Security Council Agrees on North Korea – too little, too late?
Throughout 2016 and so far during 2017, the number of North Korean missile tests has increased – and with those increasing numbers, tensions have risen as well. On the Korean peninsula, following North Korean missiles plunging into the territorial waters of Japan and South Korea, the United States and its president have responded with threatening choice of language. On August 6, the UN Security Council acted on the North Korean issue, imposing new, extensive, sanctions on the Communist dictatorship. However, these new sanctions have provoked new threats from Pyongyang.
On July 4, the North Korean leadership in Pyongyang claimed to have for the first time succeeded in testing one of their Inter-Continental Ballistic Missiles (ICBM), capable of reaching American territory. Following this dangerous development in the region, the UN Security Council held a meeting where it was agreed that new sanctions were to be imposed. That the People’s Republic of China complied with these new sanctions was vital, due to the country’s veto powers and since they often are considered an ally to Kim Jong-un. After the UNSC’s decision, more threats were made from North Korea, directed towards primarily the United States, and its military base on the island Guam in the Pacific Ocean. This sparked anger in Washington, and President Donald Trump threatened North Korea with ‘fire and fury’ if North Korea further provoked the US. Currently the situation is at a tense standstill.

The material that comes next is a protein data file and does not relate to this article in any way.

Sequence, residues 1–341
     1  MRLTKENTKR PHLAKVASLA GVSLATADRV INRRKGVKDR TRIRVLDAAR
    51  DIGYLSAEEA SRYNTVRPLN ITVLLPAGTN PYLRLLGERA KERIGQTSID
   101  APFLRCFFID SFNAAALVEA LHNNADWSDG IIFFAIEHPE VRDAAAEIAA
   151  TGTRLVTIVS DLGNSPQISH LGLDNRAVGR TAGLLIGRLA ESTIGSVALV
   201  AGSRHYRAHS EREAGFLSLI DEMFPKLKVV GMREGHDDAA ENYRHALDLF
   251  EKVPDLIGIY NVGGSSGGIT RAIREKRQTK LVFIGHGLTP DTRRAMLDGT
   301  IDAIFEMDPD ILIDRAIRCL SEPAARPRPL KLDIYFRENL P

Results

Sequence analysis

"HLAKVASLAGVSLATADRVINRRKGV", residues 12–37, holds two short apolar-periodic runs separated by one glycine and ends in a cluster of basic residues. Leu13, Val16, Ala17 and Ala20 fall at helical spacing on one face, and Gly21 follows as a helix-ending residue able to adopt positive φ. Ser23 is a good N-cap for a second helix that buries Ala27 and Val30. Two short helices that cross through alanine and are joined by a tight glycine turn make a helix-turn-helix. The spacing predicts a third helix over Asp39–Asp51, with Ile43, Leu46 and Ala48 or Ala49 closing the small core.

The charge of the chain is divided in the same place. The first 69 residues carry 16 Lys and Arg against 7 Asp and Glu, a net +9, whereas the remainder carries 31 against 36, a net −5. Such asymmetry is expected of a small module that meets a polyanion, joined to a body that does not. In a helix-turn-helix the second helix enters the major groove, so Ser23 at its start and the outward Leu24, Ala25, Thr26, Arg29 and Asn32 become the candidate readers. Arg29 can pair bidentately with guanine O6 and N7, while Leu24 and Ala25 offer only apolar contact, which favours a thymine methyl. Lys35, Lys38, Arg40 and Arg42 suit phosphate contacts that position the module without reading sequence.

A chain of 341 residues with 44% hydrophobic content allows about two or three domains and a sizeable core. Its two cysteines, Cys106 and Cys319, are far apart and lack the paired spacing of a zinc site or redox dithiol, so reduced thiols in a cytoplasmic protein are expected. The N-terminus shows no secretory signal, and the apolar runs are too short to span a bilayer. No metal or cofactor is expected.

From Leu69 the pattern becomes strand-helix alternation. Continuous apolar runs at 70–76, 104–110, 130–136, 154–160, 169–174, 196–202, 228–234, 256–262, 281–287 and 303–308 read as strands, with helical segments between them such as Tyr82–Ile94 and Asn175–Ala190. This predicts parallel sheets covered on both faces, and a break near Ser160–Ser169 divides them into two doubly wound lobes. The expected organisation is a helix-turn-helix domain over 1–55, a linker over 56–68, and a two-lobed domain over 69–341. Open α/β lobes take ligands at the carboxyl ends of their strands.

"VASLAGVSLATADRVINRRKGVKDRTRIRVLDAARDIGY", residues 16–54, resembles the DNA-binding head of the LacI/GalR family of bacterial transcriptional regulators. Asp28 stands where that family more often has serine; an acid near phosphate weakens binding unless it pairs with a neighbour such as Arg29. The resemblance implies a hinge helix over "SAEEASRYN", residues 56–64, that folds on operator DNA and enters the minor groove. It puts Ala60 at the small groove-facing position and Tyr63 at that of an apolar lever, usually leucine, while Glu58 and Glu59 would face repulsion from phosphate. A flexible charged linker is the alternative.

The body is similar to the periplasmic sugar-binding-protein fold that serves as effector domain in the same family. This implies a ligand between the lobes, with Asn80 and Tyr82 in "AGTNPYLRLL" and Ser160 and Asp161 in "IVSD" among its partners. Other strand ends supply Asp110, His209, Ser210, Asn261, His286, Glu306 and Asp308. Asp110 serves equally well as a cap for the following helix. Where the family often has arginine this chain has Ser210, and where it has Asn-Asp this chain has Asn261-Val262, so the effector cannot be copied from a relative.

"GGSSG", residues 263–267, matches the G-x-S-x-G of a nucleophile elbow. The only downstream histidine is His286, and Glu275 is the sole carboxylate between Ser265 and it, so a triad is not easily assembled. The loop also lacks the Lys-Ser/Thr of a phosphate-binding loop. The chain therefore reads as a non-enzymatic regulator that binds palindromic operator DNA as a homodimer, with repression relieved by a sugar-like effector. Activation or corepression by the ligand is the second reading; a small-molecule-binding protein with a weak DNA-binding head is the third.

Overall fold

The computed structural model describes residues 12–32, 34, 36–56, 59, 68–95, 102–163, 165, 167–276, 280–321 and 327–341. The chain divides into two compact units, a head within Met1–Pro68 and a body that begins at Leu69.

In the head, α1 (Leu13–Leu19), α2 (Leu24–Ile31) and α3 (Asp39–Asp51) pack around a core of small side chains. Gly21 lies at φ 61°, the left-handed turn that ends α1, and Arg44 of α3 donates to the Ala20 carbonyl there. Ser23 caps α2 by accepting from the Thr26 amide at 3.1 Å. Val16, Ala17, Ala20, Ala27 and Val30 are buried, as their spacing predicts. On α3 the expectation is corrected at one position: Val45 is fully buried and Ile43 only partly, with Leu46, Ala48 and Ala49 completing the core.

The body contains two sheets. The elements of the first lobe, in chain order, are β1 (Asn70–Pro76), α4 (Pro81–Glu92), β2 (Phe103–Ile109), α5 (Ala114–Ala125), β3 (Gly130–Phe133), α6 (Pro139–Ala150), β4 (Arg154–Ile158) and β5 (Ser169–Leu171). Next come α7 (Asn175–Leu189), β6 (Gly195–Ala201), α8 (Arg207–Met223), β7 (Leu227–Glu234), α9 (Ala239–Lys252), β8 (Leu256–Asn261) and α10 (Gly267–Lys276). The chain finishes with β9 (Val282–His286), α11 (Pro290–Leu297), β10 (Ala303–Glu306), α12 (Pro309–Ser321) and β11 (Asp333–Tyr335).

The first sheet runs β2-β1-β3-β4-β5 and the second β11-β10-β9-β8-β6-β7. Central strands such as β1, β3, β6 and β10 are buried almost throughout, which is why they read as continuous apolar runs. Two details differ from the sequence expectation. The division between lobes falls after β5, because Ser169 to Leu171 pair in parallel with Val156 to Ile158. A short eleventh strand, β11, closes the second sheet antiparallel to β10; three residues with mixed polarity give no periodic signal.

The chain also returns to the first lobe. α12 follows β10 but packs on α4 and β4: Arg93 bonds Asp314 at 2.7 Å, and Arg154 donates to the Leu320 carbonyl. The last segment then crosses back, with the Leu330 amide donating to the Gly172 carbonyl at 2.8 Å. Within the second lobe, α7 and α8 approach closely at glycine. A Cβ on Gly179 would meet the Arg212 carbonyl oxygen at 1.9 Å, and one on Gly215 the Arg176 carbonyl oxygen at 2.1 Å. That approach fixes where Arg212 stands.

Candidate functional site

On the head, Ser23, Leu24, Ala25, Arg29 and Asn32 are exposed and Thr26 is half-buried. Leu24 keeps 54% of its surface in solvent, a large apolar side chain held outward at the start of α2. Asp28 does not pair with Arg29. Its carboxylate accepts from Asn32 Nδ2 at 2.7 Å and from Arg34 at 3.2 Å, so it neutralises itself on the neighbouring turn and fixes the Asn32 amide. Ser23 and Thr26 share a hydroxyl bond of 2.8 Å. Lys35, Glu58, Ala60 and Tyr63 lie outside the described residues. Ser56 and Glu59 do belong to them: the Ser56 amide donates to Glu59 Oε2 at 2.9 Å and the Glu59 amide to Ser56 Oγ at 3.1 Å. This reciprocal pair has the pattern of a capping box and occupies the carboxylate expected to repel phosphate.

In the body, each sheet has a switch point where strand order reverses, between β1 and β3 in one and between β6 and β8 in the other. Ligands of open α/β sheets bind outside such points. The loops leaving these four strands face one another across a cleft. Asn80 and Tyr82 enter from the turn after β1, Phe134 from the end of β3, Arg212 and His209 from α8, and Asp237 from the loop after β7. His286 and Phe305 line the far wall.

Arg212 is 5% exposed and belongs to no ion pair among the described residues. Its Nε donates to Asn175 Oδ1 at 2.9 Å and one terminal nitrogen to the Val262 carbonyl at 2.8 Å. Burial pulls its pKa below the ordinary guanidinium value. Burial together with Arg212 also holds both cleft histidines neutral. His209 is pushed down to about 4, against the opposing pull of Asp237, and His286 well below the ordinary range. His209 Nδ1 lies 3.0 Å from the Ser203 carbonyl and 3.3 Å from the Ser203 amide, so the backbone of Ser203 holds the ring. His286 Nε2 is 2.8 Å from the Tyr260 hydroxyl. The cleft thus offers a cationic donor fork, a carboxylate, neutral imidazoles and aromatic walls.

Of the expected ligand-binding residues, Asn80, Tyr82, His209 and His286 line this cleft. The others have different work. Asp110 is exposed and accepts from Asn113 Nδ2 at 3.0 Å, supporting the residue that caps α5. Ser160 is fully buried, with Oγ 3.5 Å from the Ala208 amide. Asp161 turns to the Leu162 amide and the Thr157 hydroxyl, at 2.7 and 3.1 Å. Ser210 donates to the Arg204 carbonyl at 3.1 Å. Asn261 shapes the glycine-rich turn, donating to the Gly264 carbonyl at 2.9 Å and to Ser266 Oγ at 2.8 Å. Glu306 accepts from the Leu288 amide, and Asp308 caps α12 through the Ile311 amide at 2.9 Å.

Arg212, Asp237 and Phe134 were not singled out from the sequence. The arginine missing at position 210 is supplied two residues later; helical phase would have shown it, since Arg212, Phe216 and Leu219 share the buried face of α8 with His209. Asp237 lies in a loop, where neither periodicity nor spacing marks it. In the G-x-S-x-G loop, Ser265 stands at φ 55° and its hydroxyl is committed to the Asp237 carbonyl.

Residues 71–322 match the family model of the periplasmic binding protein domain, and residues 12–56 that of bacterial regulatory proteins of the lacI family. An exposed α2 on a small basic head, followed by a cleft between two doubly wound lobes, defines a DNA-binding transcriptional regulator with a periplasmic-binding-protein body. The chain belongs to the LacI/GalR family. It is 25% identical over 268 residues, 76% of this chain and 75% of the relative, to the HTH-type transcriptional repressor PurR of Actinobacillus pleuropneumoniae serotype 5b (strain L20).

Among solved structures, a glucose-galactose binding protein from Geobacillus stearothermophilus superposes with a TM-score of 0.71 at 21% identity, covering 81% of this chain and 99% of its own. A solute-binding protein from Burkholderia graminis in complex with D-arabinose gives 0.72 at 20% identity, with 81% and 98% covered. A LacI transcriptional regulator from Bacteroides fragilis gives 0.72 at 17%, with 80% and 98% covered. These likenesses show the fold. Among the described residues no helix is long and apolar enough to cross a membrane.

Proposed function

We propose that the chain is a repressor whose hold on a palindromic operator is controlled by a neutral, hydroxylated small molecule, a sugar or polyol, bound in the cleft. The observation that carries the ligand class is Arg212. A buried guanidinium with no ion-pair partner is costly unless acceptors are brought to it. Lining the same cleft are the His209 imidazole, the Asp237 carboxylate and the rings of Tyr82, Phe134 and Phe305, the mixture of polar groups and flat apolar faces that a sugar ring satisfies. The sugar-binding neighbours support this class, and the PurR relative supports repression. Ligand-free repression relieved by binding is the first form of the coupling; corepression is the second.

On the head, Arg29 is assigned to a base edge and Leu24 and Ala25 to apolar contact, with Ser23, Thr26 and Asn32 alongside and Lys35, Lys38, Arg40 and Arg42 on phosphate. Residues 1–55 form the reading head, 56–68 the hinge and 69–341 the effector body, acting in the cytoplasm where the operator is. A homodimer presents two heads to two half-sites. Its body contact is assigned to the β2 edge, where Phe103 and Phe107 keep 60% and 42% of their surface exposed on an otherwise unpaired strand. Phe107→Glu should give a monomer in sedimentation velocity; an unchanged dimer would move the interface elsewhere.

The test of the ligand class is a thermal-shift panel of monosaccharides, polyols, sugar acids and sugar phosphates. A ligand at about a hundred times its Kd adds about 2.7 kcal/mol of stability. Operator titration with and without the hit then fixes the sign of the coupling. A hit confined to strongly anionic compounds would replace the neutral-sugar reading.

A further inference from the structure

Sanctions have been imposed earlier on North Korea, however, the issue has also been a major platform of disagreement; primarily between the United States and China. One could ask whether more decisive action earlier from the UNSC might have contributed to a less volatile and dangerous situation in North East Asia. If North Korea has acquired weapons of mass destruction, these new sanctions could continue to destabilize the situation. The Security Council must henceforth stay unified and work together to solve the situation, putting national politics aside.[/fusion_text][fusion_text]
Private Picture, John Nellfors[/fusion_text][/fusion_builder_column][/fusion_builder_row][/fusion_builder_container]